Thursday, December 10, 2009
Good Morning, All,
I'd like to thank John Breen for linking to Mark Stricherz's recent post on Senator Casey. I must disagree, however, with the characterization of this post as 'thoughtful.' With all respect to Mr. Stricherz, I think his post unfair to Senator Casey, and so I urge him either to reconsider his attack upon the Senator or to elaborate more fully his reasons for characterizing Senator Casey in the way that he does.
How does Mr. Stricherz characterize Senator Casey? He suggests repeatedly that the Senator's decision to refrain thus far from threatening to filibuster the health insurance reform legislation now before the Senate, unless certain demands that he might make are met, is 'unprincipled.' He relatedly attributes merely 'political' motives to the Senator in thus refraining till now. And he repeatedly accuses the Senator of 'lacking courage' in light of thise decision.
Mr. Stricherz also cites, apparently with intended approval, sundry hold-up threats raised by other Senators. In particular, he instances Senators Landrieu, Lieberman, and Nelson, who have threatened to prevent independently compelling health insurance reform legislation's going through unless the full Senate capitulates to certain individual demands that these Senators make. One such demand noted by Mr. Stricherz is Senator Landrieu's demand that the final Senate bill funnel $300 million in federal subsidies to her state. To be principled, it seems, and to be courageous, is to hold urgently needed health insurance reform, willed by a majority, hostage to one's individual will to see certain pet demands -- including demands for subsidies -- met by the US Senate.
Now it of course bears noting that the issue that most exercises Mr. Stricherz -- as well, of course, as Senators Casey and Nelson, though not Landrieu or Lieberman -- is much more than a mere 'pet demand.' It is a matter of foundational moral concern, about which scores of millions of morally sincere -- might one say 'principled'? -- even if often confused, people have long disagreed and continue to disagree. But the critical point here is that there is nothing in Senator Casey's refusal thus far to threaten a filibuster on behalf of the Nelson amendment, in the manner that people like Landrieu and Lieberman have done on behalf of their own demands, that warrants the attribution of unprincipled opportunism or cowardice to him, much less the accusation that he is 'lukewarm' or 'tepid' in his opposition to abortion. Quite the contrary; I think it is at least as likely -- and indeed much more likely -- that Senator Casey is activated by high principle and admirable courage.
I'll quickly substantiate that suggestion with two examples, both of which figure at least obliquely in Mr. Stricherz's post.
First, as Mr. Stricherz notes, Senator Casey voted in favor of Senator Nelson's proffered amendment to the Senate bill, which would have introduced a counterpart, to this bill, of the hotly contested Stupak amendment made to the House bill. That itself constitutes a principled stance, as even opponents of the Nelson amendment would likely admit. It might be a stance on behalf of the wrong principle, in opponents' eyes, but it is not for that unprincipled. Moreover takes something an awful lot like courage to take such a stand as that, when s/he who takes it is a member of a political party in the eyes of most of whose members Stupak itself was, justifiably or not, an outrage. An opportunistic Senate Democrat would have declined to offer any support at all for the Nelson amendment.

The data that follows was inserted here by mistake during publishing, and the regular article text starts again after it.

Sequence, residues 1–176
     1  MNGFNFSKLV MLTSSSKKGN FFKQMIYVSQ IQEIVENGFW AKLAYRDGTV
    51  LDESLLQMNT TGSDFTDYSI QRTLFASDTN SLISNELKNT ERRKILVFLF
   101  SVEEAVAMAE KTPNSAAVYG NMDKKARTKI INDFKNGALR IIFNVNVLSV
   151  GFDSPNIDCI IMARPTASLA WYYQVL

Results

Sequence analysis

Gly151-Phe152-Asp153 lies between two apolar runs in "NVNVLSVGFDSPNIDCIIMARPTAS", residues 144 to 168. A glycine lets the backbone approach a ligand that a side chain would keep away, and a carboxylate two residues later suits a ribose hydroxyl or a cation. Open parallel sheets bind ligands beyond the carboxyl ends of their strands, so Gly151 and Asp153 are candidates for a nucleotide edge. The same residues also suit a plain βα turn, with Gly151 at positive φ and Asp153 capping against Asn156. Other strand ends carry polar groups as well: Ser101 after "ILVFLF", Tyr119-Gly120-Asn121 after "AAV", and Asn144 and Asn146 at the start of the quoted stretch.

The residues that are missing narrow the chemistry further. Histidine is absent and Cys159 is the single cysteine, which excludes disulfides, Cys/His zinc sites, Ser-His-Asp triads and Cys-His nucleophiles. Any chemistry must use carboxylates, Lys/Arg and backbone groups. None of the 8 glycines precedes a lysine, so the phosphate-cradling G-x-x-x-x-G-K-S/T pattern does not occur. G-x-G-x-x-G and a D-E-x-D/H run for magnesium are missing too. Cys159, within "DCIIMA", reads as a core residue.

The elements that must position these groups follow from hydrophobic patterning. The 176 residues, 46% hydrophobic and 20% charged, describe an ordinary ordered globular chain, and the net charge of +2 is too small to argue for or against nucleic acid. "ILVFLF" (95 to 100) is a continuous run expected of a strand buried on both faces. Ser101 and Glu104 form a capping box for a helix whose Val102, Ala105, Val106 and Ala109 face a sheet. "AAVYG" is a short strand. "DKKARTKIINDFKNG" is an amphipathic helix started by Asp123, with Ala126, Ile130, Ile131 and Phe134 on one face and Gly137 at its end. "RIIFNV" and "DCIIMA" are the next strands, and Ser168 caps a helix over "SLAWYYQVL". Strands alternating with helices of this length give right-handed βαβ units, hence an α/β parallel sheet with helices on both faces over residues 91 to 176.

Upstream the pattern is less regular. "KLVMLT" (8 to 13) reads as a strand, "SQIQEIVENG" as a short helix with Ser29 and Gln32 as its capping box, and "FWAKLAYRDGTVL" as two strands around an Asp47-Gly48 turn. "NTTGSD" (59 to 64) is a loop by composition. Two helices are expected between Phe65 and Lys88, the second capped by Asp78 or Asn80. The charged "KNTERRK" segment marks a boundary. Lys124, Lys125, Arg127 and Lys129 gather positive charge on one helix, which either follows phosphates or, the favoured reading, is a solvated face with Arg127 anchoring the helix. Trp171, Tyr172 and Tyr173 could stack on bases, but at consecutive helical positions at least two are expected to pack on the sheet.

Second, as Mr. Stricherz and I suspect all MoJ readers now surely appreciate, the Stupak amendment -- and a fortiori, presumably, the Nelson amendment -- quite possibly (if not likely) fail the test of abortion-neutrality. And the latter is the acknowledged desideratum of all people of good will -- abortion opponents and 'choice' proponents alike -- who wish realistically to see a more just and less costly system of health insurance put into place now, while leaving the much more fraught and presently unresolvable matter of abortion to continue contested in the same fora as it has been to the present. Hence one can have very good, principled reasons, even as an ardent opponent of abortion, of Roe v. Wade, and of Planned Parenthood v. Casey, not only for refraining from filibustering a health insurance reform bill on behalf of the Nelson amendment, but even for opposing the Nelson amendment.
In short, then, if health insurance reform is independently compelling from a Catholic social justice point of view, and if it can only be had by severing it from the equally or more compelling question of abortion, then there are perfectly good grounds, sounding in principles cognate to those that often go under the name of 'subsidiarity,' upon which either to reject, or to support only with misgivings, something like a Nelson amendment, while adamently refraining from threatening to obstruct the good will of the majority in favor of health insurance reform unless that majority signs onto that non-neutral amendment.
Senator Casey, then, might very well have very good principled reasons, which he harbors and acts upon with great moral courage, for not joining such hostage-takers as Landrieu and Lieberman. And I think that familiar canons of charitable interpretation militate in favor of our attributing motives underwritten by precisely such reasons to Senator Casey. I for my part have no doubt about his earnestness.
Thanks for listening,